Wash – In a mixing of pasta metaphors, Pacific Northwest
National Laboratory scientists have used electrostatic
attraction to layer reactive biological molecules
lasagna-like around spaghetti-like carbon nanotubes.
The configuration can accommodate a wide range of
applications, from ultra-precise blood-sugar monitoring
to infectious-agent detection, said Yuehe Lin, who
led the research at the Department of Energy campus'
W.R. Wiley Environmental Molecular Sciences Laboratory.
The technique, described in the April Journal of
Nanoscience and Nanotechnology, enables enzymes,
with the help of a long, noodle-like polymer molecule,
to self-assemble layer-by-layer on a single carbon
Lin and co-author Guodong Liu, a postdoctoral fellow
in Lin's group, coaxed electrostatic clinginess in
a polymer and an oppositely charged protein-enzyme,
in this case glucose oxidase, which reacts in the
presence of blood sugar. The catalyzed products from
the reaction ping the carbon nanotube; if the tube
is connected to an electrode, the tube will carry
a signal that corresponds precisely with the amount
of glucose detected. The first polymer binds to the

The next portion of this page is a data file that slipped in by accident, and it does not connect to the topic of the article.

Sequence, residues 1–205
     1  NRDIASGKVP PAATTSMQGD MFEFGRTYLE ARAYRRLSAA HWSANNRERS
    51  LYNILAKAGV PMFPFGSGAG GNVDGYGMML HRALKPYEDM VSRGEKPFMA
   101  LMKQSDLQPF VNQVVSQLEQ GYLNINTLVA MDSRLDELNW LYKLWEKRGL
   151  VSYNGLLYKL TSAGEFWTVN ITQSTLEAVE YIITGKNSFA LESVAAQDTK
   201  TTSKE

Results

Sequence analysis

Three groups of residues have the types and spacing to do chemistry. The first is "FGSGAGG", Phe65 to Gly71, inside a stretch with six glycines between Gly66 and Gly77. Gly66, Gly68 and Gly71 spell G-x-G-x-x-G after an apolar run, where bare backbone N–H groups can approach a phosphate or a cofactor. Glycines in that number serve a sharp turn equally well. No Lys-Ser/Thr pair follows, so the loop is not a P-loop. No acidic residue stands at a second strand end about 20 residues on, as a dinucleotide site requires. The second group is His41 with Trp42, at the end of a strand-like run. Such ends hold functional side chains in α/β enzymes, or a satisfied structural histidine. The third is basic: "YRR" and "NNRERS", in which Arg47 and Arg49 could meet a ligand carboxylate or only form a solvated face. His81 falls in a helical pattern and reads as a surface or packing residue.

carbon nanotube. Enzymes are attracted to the polymer,
leaving an outer layer for the next polymer of opposite
charge to cling to, and so on.
individual strand coated with one to six layers
ranges from 30 nanometers to about 50 nanometers
thick. “Each polymer layers is porous,” Lin said. “This
allows the glucose to diffuse in and come into contact
with the enzymes.”
“The polymers trap the enzymes in place,” Liu said. “You
can go up to five or six layers to improve the sensitivity
of the detector, but after that, the more enzyme
layers” inhibit diffusion of the glucose.
Now that the glucose enzyme biosensor has passed
the test, Lin said, it should be possible to build
a similar sensor using other enzymes that react specifically
with other biological chemicals, environmental pollutants
or even microbes and their toxic byproducts. Lin
and colleagues also reported, in February issue of
Analytical Chemistry, having used a similar technique
to construct sensors for nerve agents.
The research was funded through PNNL's environmental
biomarker initiative . PNNL is
a DOE Office of Science laboratory that solves
complex problems in energy, national security,
the environment and life sciences by advancing
the understanding of physics, chemistry, biology
and computation. PNNL employs more than 4,200,
has an annual budget of more than $725 million
annual budget, and has been managed by Ohio-based
Battelle since the lab's inception in 1965.